The tears started to well in Ricky Stuart's eyes. But they were tears of pride, not sadness. His team standing behind him, a sea of green fans in front of him and a grand final memory still burning.
What was his defining moment of the 2019 campaign? The reason why he believes the Canberra Raiders can rise from their grand final heartbreak and move forward?
"The defining moment for me was off the field," Stuart said as his voice showed the slightest sign of wobbling.
"And how our squad [bonded] together. They're a very close group of blokes and they've done themselves so proud. I'm so fortunate to be their coach."
Then Stuart politely tapped the announcer on the shoulder, motioned he'd said enough and moved to the back to let his players soak up the praise of adoring fans.
The Raiders are still hurting two days after their premiership dreams were shattered and as controversy rages on about crucial refereeing decisions.
The team was welcomed back to the capital by their most loyal supporters at a function at Belconnen Raiders on Tuesday, hundreds of fans packing the field for one last glimpse of a magical year for the club.
The players were looking a little worse for wear after a day of reflecting on everything that had happend.
Clive Churchill Medal winner Jack Wighton was late, but arrived just in time to get out a few words and then steal the show with the microphone.
Jordan Rapana is still missing in action, teammates and staff unable to locate the try-scoring winger after drowning their sorrows together on Monday.
But the message to the Raiders' faithful was clear. "We'll be back," Jarrod Croker said.
Croker's co-captain was the next to step up: "We've set the bar really high now. Hopefully this final is the first of many for us, it was a learning curve for us."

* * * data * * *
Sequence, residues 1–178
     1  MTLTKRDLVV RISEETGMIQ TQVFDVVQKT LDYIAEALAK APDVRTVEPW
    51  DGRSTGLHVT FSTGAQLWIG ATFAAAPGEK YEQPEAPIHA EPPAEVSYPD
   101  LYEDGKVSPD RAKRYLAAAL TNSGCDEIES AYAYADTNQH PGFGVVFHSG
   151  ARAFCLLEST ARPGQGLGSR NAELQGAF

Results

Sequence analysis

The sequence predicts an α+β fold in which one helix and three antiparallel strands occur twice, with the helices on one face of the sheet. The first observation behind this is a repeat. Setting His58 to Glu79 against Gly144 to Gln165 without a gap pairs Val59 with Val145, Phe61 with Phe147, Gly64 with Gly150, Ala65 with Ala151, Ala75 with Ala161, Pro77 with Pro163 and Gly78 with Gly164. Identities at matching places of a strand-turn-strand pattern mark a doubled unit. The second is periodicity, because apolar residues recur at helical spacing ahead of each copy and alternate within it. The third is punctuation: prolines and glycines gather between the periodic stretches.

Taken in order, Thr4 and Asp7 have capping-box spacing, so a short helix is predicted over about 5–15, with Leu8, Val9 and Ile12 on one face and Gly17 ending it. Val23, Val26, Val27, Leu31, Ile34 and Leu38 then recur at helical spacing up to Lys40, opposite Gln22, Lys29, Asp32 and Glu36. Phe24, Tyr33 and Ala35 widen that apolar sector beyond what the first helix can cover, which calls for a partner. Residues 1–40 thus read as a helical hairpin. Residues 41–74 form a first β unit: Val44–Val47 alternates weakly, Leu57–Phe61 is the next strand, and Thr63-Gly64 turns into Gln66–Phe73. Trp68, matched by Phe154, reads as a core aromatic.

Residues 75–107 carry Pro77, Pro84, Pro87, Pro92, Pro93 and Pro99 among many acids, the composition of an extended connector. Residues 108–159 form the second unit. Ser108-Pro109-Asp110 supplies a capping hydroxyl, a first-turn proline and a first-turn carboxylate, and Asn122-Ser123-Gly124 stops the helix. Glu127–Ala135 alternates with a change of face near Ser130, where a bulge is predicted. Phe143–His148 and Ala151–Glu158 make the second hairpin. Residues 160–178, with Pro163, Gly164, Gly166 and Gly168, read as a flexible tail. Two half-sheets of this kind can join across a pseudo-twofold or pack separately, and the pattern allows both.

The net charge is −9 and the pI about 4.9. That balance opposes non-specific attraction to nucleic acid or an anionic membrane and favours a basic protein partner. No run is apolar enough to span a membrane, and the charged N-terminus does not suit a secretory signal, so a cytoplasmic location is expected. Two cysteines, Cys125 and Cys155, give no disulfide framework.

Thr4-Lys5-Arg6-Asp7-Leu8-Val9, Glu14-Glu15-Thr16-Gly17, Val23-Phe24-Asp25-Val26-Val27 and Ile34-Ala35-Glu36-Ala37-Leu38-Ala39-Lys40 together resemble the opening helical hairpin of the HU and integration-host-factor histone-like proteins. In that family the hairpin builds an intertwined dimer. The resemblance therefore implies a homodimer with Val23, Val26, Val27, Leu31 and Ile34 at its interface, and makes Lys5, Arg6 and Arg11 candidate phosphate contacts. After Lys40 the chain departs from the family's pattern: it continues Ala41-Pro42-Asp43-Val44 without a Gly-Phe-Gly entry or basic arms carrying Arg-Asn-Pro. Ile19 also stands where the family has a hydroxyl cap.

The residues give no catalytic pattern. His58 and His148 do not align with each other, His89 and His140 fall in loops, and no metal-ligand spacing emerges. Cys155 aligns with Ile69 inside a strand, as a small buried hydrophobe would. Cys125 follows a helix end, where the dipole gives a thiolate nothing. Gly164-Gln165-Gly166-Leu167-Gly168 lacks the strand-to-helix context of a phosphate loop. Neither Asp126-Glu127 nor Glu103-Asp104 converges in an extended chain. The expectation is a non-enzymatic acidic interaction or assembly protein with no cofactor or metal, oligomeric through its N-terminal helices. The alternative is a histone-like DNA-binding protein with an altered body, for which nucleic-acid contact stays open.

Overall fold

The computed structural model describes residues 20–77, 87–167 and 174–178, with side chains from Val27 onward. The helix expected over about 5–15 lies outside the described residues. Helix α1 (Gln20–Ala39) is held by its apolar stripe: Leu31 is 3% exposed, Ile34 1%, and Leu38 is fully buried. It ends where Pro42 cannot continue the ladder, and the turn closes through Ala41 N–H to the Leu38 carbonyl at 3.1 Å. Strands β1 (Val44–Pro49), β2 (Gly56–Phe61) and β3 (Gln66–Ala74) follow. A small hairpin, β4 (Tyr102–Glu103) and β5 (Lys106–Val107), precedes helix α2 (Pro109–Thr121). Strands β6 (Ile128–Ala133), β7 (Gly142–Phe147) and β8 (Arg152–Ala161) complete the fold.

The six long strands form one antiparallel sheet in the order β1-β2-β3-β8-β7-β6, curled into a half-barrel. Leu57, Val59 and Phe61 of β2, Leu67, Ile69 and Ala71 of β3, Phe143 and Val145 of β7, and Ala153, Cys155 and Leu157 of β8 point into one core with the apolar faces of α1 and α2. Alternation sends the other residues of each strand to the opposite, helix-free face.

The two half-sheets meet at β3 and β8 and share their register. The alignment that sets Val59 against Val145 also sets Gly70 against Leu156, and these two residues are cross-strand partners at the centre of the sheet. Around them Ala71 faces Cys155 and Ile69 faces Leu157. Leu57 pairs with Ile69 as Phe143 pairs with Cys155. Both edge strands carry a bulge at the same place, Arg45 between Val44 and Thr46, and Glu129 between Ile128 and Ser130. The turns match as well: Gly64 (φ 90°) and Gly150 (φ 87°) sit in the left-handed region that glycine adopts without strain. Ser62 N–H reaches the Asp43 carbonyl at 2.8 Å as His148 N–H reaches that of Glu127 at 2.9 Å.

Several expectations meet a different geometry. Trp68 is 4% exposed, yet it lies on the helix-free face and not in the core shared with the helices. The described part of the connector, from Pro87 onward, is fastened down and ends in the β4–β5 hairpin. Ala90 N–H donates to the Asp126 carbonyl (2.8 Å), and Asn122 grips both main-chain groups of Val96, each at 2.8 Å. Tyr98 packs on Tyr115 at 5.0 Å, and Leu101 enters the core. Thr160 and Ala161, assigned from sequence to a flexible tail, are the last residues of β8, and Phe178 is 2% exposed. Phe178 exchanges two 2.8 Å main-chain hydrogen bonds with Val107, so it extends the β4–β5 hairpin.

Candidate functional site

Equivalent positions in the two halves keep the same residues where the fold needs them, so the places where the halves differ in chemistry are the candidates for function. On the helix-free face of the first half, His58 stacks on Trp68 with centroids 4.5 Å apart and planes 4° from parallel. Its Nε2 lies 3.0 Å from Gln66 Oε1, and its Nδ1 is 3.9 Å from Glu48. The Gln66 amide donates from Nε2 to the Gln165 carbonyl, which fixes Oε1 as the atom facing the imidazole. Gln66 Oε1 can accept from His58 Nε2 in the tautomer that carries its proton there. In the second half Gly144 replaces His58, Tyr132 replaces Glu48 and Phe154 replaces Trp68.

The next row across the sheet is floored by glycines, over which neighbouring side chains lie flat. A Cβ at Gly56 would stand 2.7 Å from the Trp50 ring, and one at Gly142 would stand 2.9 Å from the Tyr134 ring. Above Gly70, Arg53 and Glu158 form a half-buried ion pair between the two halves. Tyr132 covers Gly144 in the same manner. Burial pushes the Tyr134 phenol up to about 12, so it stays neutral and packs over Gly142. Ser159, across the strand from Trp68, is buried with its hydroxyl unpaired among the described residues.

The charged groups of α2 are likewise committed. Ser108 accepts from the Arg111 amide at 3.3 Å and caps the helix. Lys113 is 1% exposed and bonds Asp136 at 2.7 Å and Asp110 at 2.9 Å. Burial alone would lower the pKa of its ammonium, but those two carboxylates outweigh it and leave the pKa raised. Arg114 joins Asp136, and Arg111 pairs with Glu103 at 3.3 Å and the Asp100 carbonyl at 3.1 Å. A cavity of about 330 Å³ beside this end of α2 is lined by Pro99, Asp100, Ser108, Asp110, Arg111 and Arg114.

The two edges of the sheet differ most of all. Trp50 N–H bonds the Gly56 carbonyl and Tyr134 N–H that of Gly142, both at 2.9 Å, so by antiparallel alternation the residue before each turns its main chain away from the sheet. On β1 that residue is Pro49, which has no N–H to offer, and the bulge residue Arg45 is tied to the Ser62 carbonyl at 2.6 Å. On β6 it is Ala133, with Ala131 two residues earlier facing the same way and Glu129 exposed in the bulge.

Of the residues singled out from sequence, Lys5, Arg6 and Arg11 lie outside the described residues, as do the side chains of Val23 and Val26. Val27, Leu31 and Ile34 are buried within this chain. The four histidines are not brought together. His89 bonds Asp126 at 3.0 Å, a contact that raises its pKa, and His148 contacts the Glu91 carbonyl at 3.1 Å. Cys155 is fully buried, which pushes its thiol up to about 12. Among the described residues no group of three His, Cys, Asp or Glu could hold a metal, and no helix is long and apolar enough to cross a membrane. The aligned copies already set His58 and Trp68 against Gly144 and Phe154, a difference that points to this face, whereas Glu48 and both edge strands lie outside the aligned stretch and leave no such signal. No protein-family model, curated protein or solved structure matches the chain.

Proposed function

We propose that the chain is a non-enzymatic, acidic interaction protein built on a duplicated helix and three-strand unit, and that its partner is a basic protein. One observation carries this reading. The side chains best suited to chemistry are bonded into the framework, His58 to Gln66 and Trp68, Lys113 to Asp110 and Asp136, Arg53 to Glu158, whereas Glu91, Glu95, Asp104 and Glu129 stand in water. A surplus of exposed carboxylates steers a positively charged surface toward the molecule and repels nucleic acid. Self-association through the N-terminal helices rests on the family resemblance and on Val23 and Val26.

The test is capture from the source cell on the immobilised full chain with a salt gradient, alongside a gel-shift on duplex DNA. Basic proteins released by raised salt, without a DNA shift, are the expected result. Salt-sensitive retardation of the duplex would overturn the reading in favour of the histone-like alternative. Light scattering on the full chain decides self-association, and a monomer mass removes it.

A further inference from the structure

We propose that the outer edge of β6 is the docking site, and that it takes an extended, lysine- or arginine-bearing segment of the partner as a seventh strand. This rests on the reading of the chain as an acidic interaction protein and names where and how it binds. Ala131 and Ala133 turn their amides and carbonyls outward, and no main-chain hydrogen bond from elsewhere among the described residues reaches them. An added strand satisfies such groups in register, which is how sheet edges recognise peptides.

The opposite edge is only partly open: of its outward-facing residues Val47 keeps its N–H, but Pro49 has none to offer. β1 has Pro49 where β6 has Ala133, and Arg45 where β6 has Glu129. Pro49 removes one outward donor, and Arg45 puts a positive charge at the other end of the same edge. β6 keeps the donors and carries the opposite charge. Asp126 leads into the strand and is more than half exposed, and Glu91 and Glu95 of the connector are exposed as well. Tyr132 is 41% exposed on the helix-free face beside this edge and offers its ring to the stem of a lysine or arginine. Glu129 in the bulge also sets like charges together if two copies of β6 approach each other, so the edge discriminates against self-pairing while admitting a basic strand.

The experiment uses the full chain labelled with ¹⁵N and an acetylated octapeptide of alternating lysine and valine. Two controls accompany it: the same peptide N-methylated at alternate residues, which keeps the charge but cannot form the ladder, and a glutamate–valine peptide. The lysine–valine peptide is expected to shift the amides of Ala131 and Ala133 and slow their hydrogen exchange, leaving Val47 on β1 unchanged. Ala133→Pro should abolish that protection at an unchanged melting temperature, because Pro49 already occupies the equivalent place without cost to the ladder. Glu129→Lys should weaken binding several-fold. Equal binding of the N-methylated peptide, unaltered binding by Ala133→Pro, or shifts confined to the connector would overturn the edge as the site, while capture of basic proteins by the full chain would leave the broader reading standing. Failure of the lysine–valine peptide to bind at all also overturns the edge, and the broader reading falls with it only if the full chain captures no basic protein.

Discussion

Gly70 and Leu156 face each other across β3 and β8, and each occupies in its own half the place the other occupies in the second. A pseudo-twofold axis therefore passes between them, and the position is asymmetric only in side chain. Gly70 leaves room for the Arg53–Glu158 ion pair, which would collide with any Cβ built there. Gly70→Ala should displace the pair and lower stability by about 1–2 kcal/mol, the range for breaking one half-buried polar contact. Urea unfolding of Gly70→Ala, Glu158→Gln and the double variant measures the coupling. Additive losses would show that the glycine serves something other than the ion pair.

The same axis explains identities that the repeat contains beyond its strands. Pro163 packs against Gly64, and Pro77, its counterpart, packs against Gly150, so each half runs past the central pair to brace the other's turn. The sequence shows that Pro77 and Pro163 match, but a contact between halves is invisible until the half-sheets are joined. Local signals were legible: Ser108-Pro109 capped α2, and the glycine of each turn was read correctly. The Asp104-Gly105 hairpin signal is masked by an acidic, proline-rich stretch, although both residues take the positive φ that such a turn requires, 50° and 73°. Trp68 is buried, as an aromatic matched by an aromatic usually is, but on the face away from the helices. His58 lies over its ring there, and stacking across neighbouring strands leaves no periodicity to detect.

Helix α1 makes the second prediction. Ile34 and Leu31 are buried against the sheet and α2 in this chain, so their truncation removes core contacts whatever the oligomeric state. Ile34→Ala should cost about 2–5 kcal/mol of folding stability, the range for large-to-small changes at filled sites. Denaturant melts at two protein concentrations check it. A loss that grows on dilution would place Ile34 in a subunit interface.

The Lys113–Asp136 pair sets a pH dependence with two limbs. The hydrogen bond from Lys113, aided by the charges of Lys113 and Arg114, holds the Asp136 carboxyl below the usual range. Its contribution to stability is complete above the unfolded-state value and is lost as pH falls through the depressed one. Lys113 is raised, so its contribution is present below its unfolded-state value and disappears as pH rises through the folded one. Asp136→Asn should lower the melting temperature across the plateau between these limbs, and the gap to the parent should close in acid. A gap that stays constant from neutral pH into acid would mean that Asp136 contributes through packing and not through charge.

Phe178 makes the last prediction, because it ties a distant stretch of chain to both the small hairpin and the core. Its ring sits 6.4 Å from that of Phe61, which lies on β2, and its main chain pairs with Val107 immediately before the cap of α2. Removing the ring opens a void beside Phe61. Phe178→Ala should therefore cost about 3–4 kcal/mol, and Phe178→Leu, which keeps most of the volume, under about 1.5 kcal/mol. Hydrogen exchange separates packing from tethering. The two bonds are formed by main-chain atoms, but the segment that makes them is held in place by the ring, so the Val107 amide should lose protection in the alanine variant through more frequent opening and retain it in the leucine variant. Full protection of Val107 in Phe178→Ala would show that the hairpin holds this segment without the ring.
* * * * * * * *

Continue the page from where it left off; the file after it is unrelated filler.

There was no talk about the six-again drama, which overshadowed the Sydney Roosters' six-point win.
There was no talk about the Roosters trainer who prevented Elliott Whitehead from potentially scoring a try.
What did they talk about? The way Raiders fans have shown "Canberra has a heartbeat", their pride in getting to the club's first grand final in 25 years and the determination to next time have a trophy with them when they host their next fan day.
"It broke my heart not being able to walk out here and lift the trophy in front of them," Croker said.
"If I got to come here and lift it in front of these fans, it would have been the best day of my life. Certainly it's motivation, we want to bring it back.
"I've said year in, year out how good our fans are. The best fans in the NRL."
Hundreds of fans cheered, chanted and did one final Viking clap for 2019 after coming to terms with a missed opportunity in the grand final.
Raiders crowd levels have jumped to their highest level in 24 years, with fans buying into Stuart's vision to rebuild the club into a regular premiership contender.
They fell short against some Roosters, but showed plenty of grit and determination just to reach the biggest stage in the NRL.
"I'm very proud of our performance on the weekend. It's a great disappointment we haven't got the trophy here but we certainly haven't lost anything," Stuart said.
"We gained so much respect right throughout this season and I think it was replicated again on Sunday. As a coach, I'm so proud of this mob.
"I can't thank the region and the community in Canberra enough for the drive and extra energy they gave the whole club.
"Seeing that stadium on the weekend made me proud to be a Canberran and proud to live here."